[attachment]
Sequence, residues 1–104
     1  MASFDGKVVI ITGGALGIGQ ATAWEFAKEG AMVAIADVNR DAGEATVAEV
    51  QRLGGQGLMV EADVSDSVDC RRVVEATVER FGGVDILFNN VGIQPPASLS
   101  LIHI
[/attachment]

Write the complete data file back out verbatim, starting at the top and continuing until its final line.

Sequence, residues 1–104
     1  MASFDGKVVI ITGGALGIGQ ATAWEFAKEG AMVAIADVNR DAGEATVAEV
    51  QRLGGQGLMV EADVSDSVDC RRVVEATVER FGGVDILFNN VGIQPPASLS
   101  LIHI